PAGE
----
8.28.2012

Remembrance -Painting Stages

Have you ever spent countless hours on a painting only to find yourself stuck?  I assume that every artist has been there.  At the stage below, I was at a loss as to how to proceed.  I liked how the light through the trees had greater intensity than on the figure.  I was also happy with how I painted the repeated figure's face in the negative spaces between the branches.  However, it didn't quite feel right, and I could not put my finger on it.  (Looking back, it seems quite clear!)



I moved on, but it continually nagged at me.  Finally, after a long break, I decided what I needed to do to finish it.  I typically never go back and work on an older piece, but this one demanded it.  I had just finished a few landscape paintings, and had rediscovered an amazing tonalist landscape painter, Brent Cotton.  With new momentum and inspiration, I felt I had the tools to overhaul this piece.  One element that was clearly missing was the sunlight ricocheting, adding deep warm color to the trees and branches.  With that as a starting place, I was able to make some dramatic changes before repainting the figures in relationship to the new hues and values.


I wanted to share this example because we all get stuck.  Oftentimes, the solution is to back away and return with a fresh perspective.  Get some feedback, and let go enough to be willing to make the changes once you realize what needs to be done.  In the end, I finally felt that my painting realized it's potential.  It just took awhile.

Remembrance
Scottsdale Biennale Finalist, Wee Gallery of Fine Art 
Meritorious Entry, Richeson 75 International Figure/Portrait 

~ Lisa

8.25.2012

New Day -Painting Stages




New Day  
Oil  9" x 9" 

artist Lisa Larrabee


Richerson 75 International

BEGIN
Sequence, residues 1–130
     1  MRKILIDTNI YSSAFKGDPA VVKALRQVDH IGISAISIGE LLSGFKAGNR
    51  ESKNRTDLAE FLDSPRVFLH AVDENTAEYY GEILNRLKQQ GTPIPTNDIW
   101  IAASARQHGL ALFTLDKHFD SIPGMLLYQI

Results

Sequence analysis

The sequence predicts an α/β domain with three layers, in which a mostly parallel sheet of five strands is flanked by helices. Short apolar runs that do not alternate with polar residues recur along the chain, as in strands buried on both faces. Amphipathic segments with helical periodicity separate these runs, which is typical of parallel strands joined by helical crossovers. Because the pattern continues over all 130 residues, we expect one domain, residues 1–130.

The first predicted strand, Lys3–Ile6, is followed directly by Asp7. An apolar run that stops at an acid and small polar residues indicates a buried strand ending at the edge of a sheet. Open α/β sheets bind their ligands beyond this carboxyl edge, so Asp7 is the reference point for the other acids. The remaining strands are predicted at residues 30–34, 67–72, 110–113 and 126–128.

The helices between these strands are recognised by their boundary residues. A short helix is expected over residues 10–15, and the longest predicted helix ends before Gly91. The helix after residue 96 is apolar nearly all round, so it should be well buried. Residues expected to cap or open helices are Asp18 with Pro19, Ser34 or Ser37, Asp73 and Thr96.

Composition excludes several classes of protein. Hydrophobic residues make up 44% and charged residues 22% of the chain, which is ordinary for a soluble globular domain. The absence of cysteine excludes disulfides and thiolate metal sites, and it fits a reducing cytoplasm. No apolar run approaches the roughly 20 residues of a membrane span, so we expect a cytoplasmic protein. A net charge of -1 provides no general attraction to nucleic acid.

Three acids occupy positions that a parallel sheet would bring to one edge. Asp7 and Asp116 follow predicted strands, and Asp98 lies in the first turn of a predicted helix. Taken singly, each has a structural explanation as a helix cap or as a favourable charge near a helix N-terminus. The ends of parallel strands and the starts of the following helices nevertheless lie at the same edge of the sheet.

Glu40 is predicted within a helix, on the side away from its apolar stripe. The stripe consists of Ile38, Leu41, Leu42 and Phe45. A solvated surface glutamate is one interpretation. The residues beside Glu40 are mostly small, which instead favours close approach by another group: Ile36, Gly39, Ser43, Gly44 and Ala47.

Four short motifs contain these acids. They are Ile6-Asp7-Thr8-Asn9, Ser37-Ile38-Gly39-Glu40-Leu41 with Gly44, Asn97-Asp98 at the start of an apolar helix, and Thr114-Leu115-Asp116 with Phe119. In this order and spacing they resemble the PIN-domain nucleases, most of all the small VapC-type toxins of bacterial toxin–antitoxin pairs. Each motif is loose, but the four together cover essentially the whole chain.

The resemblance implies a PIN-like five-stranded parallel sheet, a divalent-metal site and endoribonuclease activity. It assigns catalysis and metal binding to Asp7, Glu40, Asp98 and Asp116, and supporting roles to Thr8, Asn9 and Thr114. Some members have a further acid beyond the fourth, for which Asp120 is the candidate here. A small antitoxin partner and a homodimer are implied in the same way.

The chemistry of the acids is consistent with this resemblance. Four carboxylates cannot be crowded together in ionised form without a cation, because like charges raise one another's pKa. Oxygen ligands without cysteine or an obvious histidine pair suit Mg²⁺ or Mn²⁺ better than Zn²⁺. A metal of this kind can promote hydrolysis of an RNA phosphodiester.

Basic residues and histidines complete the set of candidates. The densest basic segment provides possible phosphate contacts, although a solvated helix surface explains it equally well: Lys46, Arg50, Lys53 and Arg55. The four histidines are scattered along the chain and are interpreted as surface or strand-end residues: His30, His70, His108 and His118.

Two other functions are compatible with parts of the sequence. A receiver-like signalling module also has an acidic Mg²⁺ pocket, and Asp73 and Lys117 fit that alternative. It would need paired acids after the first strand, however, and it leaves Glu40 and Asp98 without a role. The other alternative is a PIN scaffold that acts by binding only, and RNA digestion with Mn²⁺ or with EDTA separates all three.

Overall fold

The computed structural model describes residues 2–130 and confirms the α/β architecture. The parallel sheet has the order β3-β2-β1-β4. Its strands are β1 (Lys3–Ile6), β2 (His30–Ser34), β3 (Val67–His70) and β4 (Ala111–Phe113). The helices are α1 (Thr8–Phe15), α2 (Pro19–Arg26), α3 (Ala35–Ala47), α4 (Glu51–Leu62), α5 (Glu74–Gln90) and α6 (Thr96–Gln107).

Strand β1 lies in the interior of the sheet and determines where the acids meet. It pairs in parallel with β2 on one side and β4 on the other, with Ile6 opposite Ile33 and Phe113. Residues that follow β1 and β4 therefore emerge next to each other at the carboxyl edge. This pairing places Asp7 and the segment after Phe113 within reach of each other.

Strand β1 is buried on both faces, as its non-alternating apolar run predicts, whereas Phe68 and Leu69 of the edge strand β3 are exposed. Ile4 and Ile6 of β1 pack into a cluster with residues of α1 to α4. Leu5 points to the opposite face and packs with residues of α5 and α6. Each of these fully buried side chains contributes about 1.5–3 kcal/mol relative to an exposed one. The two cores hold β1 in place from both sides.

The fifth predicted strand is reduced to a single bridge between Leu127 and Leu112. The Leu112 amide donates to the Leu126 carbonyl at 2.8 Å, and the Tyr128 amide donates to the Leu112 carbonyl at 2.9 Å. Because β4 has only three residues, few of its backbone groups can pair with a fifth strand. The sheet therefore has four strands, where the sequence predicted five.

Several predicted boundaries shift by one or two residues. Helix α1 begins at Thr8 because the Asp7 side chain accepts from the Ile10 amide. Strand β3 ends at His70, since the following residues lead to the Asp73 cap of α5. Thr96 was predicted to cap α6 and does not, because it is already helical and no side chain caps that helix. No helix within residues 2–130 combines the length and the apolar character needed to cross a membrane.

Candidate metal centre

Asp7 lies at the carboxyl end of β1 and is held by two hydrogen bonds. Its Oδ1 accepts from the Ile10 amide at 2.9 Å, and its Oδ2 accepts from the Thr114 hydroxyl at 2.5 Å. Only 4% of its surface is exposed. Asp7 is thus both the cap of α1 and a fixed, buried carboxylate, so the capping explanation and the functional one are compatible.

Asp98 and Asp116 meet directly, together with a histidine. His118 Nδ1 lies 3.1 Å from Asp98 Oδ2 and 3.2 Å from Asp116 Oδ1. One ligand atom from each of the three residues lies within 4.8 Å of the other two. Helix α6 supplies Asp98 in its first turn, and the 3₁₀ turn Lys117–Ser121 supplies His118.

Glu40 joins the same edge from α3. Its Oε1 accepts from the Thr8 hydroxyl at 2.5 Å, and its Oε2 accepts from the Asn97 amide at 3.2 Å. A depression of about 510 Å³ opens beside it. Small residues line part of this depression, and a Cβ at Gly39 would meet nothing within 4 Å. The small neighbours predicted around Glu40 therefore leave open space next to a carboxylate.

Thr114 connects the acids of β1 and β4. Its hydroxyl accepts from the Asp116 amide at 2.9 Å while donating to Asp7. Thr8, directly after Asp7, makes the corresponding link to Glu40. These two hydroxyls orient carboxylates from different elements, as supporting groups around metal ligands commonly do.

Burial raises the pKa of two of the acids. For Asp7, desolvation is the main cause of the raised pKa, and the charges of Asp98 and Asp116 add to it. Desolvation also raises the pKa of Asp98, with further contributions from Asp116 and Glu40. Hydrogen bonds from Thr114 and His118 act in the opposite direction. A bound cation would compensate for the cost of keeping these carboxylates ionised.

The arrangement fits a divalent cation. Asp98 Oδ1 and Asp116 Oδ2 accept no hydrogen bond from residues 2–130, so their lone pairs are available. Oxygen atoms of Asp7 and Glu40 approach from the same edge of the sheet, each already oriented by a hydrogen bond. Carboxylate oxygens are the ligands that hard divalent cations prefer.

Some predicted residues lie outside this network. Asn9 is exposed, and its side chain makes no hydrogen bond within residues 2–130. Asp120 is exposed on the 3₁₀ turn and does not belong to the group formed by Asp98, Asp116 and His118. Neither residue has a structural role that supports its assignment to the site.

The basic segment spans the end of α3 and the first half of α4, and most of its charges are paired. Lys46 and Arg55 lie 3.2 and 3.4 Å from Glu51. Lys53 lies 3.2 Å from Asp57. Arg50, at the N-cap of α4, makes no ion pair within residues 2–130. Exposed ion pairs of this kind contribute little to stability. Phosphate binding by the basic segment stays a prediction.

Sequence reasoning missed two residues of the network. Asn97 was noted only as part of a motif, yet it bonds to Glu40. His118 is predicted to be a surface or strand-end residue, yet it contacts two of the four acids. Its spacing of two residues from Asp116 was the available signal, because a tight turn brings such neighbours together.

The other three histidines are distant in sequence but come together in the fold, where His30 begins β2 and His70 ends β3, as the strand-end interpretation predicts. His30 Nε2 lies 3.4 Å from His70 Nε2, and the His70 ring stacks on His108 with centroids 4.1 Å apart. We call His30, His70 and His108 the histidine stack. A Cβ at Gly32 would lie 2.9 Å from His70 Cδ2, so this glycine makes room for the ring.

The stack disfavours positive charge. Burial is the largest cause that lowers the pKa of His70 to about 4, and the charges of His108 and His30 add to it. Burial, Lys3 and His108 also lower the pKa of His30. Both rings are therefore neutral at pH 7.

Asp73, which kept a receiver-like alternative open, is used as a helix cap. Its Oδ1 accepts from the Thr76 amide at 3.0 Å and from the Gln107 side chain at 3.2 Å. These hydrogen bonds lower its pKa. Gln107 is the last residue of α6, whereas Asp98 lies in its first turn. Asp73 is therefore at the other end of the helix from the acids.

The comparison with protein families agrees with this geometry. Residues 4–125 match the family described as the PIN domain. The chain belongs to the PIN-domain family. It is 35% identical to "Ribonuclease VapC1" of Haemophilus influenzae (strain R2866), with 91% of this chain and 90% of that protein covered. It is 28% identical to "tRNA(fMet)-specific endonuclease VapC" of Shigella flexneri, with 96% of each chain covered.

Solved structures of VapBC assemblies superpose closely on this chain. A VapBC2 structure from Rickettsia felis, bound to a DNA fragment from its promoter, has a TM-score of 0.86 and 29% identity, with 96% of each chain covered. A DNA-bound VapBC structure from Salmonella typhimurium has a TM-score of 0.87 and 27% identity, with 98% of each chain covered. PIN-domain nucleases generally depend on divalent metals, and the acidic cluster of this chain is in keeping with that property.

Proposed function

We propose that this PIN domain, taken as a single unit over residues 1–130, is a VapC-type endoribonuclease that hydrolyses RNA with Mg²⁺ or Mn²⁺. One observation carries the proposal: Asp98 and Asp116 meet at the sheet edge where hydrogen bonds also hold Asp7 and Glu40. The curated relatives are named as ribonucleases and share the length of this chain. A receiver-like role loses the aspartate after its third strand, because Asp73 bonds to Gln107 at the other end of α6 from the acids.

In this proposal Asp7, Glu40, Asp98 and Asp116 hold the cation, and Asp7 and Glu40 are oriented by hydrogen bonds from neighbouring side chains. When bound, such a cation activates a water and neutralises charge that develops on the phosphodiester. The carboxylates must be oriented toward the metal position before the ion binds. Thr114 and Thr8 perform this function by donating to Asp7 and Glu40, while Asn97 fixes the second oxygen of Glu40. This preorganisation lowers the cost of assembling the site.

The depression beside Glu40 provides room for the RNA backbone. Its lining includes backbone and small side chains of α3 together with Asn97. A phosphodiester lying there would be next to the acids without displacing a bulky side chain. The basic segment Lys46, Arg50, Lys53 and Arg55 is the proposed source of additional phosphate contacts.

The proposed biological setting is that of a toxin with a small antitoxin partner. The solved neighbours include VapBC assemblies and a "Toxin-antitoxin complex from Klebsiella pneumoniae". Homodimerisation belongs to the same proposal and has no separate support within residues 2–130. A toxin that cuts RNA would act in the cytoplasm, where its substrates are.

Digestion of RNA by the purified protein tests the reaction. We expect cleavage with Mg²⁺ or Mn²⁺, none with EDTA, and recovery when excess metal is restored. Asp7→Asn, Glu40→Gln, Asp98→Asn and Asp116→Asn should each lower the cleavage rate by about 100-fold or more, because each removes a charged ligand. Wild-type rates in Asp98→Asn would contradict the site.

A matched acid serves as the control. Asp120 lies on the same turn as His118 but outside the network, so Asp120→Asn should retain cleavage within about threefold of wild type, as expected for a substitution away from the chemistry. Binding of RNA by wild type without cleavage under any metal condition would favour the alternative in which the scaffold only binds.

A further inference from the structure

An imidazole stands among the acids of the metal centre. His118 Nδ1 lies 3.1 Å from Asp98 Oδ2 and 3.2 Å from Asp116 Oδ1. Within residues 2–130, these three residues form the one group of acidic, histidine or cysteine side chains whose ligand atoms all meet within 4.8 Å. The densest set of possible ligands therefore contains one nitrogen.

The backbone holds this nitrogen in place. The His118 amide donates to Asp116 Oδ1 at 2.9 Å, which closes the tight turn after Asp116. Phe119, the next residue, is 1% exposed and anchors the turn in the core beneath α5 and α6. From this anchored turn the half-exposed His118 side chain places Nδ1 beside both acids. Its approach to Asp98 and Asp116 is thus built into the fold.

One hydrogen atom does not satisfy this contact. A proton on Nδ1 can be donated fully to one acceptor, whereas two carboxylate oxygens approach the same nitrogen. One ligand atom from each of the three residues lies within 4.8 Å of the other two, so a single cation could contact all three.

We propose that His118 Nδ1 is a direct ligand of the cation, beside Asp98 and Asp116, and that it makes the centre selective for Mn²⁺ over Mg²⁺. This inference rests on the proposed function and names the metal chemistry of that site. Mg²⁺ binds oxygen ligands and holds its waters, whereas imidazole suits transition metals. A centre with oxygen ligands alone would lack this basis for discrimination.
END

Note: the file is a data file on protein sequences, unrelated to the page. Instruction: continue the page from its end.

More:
Figure/Portrait finalist





What is more tedious than painting baby blankets and caps with tiny pinstripes?  Painting the negative space around the pinstripes!  Once I had the idea, I just had to try it.  It presented a big risk, though.  If it came out too stylized and distracted from my babies, I would have to paint over it regardless of how long it took to create.



 As the fabric came together piece by piece, it became clear that I needed to lighten the values.  The second layer involved brightening each section as needed.  Shown here, the caps and bottom right corner have yet to be adjusted.



Due to the tedious process of painting the negative spaces, there was little room for error along the edges where skin met fabric.  This, and the tiny size, required that I lay in my underpainting for the figures with much more detail than I have in previous portraits.



This painting stage shows the completed underpainting for the portraits.  Colors are close approximations and the values are a little on the dark side to allow for the highlights to be built up.





I tried several techniques on this painting that were new to me.  First, the detailed negative space painting.  I think I found a nice blend of stylized realism that compliments the portraits.  Second, I referred regularly to the photo reference on my computer monitor (instead of a print) to enlarge details and see more luminous color.  Finally, I experimented with glazes in order to capture the fragile translucence of newborn skin.  I created this painting for me, and I set very high expectations.  I pushed myself further, and I must say, I absolutely love it!  I hope you do too.

~ Lisa

8.24.2012

Welcome!

Welcome to my blog.  This is a new experience for me, but I am excited to share my thoughts, artistic suggestions, and painting process with you.  Those of you who are familiar with my website, Larrabee Art, will have noticed that it just underwent a major transformation.  One change is that I no longer have included a section for stages of my paintings.  That is where this blog comes in.  I will be including painting stages of a selection of pieces, share some of the process (sometimes the struggles), techniques, inspirations, etc.  Who knows exactly where this will go, but I hope that you will join me on this journey.

~ Lisa


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